The light 1 of the diode laser 2 is split by means of a beam splitter 25 in one portion to the measurement path 3 and another portion to a monitor detector 26. The monitor detector output is fed to a second demodulation means 27 comprising an analog-to-digital converter 28, a band-pass filter 29, a lock-in amplifier 30 and a phase adjusting means 31. As the optical path between the diode laser 2 and the monitor detector 26 is free of light-absorbing gas, equation 8 reduces to the following expression for the in-phase component of the monitor detector output demodulated at Nf0:
S(ν)N,Mon=ηMon T(ν)Mon └P(ν)+I L,N┘ (Equation 9).
As shown in
The demodulated measuring detector output S(ν)N,meas is fed to a multiplication means 32 for multiplying by a variable k, which is continuously calculated in a calculation means 33 as the ratio between the average values of the demodulated monitor detector output S(ν)N,Mon and the demodulated measuring detector output S(ν)N,meas over a portion Δν of the respective demodulated detector outputs where the burst signal appears. The average values can be obtained by integrating the respective demodulated detector outputs over Δν. As the burst signal is outside the measurement spectrum, one obtains:
After multiplication by the variable k the demodulated measuring detector output kˇS(ν)N,Meas is fed to a subtracting means 34 for subtracting the demodulated monitor detector output S(ν)N,Mon and thus obtaining a measurement signal Conc representing the concentration of the gas component associated with the measured molecular absorption line:
As shown by equation 11, the measurement signal Conc is merely dependent on the wavelength independent transmission T(ν)Mon between the diode laser 2 and the monitor detector 26, which transmission T(ν)Mon is, in contrast to the wavelength independent transmission T(ν)Meas of the measurement path 3, not time dependent due to varying dust load, high temperature, gas turbulence etc.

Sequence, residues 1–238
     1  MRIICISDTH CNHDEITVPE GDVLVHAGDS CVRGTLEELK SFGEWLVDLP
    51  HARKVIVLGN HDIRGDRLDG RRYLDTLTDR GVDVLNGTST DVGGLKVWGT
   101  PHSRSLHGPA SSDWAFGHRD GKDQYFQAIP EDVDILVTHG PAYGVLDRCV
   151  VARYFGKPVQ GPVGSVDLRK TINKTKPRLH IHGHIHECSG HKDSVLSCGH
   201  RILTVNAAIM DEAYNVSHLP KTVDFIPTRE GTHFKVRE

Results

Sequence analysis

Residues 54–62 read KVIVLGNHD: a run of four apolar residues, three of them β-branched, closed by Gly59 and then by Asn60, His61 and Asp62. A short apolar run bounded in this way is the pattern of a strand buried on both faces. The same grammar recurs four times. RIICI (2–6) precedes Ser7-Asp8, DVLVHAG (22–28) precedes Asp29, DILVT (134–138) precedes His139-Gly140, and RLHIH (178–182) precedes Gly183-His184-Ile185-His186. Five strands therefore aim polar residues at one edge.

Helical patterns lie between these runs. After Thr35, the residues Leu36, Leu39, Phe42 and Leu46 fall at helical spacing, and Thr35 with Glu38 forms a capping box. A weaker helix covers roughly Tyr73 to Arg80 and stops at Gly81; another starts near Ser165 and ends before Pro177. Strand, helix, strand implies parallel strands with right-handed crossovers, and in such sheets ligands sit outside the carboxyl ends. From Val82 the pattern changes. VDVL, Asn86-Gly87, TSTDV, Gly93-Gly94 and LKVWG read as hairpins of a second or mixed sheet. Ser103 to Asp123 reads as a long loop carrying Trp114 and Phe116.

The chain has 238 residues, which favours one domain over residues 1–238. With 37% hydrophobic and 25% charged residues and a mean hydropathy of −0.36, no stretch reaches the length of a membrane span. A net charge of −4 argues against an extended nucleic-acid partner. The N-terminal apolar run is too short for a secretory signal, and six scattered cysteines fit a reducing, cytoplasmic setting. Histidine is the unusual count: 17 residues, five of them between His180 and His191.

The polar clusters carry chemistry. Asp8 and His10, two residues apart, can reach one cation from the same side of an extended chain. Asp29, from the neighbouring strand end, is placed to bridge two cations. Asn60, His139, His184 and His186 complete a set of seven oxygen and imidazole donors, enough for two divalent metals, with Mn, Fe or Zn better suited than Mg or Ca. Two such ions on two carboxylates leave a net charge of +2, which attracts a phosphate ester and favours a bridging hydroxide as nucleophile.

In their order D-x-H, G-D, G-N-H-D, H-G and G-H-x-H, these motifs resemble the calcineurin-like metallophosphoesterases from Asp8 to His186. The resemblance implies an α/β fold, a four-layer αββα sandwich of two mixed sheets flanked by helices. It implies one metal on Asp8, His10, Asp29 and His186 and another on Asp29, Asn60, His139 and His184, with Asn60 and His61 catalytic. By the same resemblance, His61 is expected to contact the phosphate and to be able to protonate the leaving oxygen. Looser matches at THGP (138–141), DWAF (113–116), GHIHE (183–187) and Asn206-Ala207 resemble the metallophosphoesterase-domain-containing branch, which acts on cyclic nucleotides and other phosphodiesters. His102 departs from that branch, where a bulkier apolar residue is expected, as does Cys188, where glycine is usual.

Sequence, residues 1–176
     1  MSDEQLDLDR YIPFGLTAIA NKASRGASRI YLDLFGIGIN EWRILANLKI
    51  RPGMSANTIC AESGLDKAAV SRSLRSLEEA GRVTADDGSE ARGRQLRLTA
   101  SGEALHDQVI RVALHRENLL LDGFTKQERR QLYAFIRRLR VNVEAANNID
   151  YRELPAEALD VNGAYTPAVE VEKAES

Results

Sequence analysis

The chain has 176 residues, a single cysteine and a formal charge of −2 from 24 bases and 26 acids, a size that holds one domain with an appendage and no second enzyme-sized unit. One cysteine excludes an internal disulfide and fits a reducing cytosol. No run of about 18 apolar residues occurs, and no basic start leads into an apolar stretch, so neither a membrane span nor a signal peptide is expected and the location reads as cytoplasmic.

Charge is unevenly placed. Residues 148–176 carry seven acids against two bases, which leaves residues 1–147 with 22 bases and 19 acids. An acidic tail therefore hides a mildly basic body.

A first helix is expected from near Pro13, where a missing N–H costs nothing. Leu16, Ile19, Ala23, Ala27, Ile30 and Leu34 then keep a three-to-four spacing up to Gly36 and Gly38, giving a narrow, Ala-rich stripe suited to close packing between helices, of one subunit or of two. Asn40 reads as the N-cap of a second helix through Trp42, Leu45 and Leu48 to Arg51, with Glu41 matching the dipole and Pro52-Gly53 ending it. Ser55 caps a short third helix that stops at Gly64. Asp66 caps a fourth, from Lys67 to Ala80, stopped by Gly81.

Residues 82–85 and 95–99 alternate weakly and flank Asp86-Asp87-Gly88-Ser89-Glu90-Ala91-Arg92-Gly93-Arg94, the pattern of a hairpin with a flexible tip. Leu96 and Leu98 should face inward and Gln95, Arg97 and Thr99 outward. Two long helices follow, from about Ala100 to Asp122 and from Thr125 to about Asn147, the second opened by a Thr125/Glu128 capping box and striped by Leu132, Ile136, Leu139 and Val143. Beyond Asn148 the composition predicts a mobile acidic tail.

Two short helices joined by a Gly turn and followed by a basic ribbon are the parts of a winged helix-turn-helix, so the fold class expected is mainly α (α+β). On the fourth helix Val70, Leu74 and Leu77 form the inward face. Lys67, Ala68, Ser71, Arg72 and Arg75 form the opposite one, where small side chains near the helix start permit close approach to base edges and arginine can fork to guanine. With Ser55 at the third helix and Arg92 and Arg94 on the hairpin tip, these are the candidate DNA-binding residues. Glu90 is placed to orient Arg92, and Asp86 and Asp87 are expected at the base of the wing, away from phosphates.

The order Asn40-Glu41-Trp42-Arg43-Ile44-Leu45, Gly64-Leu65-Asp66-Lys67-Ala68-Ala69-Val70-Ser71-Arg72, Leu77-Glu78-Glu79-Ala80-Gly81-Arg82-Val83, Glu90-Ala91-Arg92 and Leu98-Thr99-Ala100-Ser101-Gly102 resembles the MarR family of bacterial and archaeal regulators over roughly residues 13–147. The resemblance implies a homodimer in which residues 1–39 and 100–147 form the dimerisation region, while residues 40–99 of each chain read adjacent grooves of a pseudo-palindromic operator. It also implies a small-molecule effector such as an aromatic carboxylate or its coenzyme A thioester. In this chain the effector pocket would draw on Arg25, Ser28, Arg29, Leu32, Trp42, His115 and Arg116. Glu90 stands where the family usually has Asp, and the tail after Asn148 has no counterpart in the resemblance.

The shown system can be absolutely calibrated in gas concentration by introducing a calibration or reference gas in the measurement path 3. Alternatively, a continuous online calibration can be achieved by splitting another portion of the light 1 emitted by the diode laser 2 through a reference path containing the calibration or reference gas to a reference detector, the output of which is demodulated and further processed as described above for the measuring detector output.
The main advantages realized by this invention are:
The calibration of the light transmission is made at the same frequency as the measurement of the gas concentration avoiding errors due to temporal sample modulation.
The technique utilizes the measurement bandwidth efficiently which reduces the demands on the analog-to-digital converters.
The injected burst signal will be processed in the exactly same manner as the spectra produced by the measured gas why the analog and the digital signal processing components of the system will be included in the calibration.
The invention is easy to implement in existing technology using well-known standard digital signal processing methods. For example, all digital processing can be performed in an ASIC (application specific integrated circuit), DSP (digital signal processor) or FPGA (field programmable gate array).
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|International Classification||G01N21/61, G01J3/433, G01N21/35, G01N21/27, G01N21/39, G01J3/28|
|Cooperative Classification||G01N21/3504, G01N2021/399, G01N21/274, G01N21/39, G01J2003/2866, G01J3/433|
|European Classification||G01J3/433, G01N21/27E, G01N21/35B, G01N21/39|
|Aug 24, 2004||AS||Assignment|
Owner name: SIEMENS AKTIENGESELLSCHAFT, GERMANY
Free format text: ASSIGNMENT OF ASSIGNORS INTEREST;ASSIGNORS:LARKING, RIKARD;LUNDQVIST, STEFAN;THORSEN, PER-ARNE;REEL/FRAME:015725/0567;SIGNING DATES FROM 20040819 TO 20040820